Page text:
Ensure key actions and priority content are given clear, prominent position in your site or app. Remove action links from the middle of paragraphs and make sure they look like something users can and should click on.

6. Poor Organization
Even if running on a treadmill is painful, the one thing we can count on is the path will always be straight. A site with poor organization is akin to a treadmill that has twists and turns: confusing, unnecessary, and frustrating. And what do users do when they encounter something that’s confusing, unnecessary, and frustrating? They find ways to avoid it in the future.

Digital products must be simply organized, focused on few things, and always predictable.

Using the Internet Should Not Feel Like a Bad Workout

What would you do if you found yourself on an endless treadmill with no end in sight? You’d probably jump off and run away. And cry. And wonder why such evil exists. Users do the same with hellish digital products. They aren’t on your site or app to do work with no results. They just want to find what they came for. If your digital product can’t help them do that or, worse yet, actively prevents them from doing that, you’re giving away business.

Let’s visit our strange gym one more time. But now, think of yourself as the gym manager who makes sure the treadmills are on a main floor, runners aren’t confronted by horrible posters and loud trainers, and the machines stop when they’re supposed to.

Ensure sites and apps are well-planned and never slapped together.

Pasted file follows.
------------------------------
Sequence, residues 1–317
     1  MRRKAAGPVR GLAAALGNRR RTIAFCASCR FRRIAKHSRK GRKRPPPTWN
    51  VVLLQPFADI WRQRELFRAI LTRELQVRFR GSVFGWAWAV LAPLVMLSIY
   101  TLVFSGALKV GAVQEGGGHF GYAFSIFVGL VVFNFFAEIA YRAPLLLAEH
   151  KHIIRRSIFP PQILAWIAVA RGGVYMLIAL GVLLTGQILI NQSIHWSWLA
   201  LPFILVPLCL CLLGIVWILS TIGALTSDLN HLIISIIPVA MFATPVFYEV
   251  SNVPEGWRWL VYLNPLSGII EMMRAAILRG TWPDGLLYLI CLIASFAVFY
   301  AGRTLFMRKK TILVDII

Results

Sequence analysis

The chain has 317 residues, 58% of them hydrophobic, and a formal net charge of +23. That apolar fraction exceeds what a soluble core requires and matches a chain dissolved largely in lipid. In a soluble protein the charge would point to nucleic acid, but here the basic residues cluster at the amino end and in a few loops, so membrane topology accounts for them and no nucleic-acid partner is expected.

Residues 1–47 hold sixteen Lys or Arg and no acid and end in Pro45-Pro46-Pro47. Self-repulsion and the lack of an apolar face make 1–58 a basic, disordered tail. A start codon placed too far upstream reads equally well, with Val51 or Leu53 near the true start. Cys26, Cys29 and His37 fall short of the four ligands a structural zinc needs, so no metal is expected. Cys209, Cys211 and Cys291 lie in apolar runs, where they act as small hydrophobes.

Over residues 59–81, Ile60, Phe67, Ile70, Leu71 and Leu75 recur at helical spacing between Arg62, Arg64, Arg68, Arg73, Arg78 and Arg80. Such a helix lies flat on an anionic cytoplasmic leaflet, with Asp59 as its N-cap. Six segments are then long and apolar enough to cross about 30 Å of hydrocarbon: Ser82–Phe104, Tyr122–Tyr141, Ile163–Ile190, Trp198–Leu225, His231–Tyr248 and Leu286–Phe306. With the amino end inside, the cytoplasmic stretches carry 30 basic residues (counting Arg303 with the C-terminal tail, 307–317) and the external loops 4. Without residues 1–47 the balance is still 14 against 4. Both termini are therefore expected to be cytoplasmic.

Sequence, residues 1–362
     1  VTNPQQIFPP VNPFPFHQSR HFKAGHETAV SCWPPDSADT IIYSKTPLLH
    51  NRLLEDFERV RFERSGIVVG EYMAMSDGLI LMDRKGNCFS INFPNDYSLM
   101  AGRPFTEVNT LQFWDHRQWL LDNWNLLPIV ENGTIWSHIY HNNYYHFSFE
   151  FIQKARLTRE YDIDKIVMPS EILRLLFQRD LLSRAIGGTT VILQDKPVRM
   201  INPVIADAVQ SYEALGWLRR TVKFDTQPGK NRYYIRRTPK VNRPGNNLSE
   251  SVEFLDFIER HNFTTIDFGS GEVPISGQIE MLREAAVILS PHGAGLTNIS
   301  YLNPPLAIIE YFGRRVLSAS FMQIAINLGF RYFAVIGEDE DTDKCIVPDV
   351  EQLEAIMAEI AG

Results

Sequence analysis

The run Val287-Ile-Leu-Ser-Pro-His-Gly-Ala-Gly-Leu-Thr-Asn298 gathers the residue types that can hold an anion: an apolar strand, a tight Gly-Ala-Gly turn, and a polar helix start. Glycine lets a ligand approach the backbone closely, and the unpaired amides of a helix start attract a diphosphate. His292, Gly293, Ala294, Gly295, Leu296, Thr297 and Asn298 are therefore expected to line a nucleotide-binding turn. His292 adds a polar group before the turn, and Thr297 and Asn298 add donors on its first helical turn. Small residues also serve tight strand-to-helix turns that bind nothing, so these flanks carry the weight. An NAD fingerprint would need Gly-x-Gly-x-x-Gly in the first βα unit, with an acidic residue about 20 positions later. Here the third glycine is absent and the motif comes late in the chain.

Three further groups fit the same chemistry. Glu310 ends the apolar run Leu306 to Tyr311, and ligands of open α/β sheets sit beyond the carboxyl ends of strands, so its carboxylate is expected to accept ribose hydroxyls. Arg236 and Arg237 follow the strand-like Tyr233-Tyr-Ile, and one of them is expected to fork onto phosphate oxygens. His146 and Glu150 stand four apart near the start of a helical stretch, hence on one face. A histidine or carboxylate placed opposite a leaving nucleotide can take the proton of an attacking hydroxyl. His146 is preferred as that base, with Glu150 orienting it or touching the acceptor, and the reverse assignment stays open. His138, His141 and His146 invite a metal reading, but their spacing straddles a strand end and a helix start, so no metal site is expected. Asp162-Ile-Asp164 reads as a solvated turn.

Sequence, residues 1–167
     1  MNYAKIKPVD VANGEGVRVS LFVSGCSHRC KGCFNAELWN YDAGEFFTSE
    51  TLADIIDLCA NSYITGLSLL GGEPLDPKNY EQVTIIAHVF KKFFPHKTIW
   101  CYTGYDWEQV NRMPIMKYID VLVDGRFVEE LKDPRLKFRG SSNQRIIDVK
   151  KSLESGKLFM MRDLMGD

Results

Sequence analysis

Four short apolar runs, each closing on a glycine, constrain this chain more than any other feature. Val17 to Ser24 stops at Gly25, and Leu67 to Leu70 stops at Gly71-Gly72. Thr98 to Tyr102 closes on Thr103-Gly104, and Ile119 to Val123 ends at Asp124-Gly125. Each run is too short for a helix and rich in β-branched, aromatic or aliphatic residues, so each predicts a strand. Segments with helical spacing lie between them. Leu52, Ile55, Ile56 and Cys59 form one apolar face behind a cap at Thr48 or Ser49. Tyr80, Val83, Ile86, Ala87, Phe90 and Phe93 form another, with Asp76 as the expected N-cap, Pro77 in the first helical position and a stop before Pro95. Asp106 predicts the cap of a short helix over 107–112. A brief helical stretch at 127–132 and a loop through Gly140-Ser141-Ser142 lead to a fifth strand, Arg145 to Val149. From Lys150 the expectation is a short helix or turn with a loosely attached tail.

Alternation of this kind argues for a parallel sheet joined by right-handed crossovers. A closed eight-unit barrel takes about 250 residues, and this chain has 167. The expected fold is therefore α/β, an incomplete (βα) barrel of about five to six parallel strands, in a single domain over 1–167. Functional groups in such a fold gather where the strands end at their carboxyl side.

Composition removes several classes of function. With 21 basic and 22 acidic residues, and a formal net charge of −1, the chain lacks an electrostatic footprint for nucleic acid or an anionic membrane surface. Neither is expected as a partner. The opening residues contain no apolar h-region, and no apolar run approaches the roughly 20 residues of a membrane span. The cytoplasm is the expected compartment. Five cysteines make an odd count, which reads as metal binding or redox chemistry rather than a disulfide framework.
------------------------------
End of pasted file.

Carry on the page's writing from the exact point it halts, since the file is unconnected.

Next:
Oversee your digital products the same way. Ensure sites and apps are well-planned and never slapped together. Cut down content mercilessly, especially the inward-facing kind. Remove promos and pop-ups that get in the way of more important actions.

Do these things and never again will your users be trapped in your interface waiting for the moment they’re set free. Instead of running away from your sites and apps, people will run toward engaging with your business. When that happens, you reap the results: increased visits, more conversions and leads, better competitiveness in your market, and a successful digital product that helps you meet and even exceed your business goals.

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About truematter

Our team has been doing the real work of user experience since the earliest days of the commercial web. We’re out to make your digital products a whole lot better.

Let’s make a resolution together: Don’t make users sweat. Give them what they came for and watch them come racing back next time.

Author:  Isabelle Carroll
Illustration: @djosephmachado
Editors: @baileysendsword and @ExperienceDean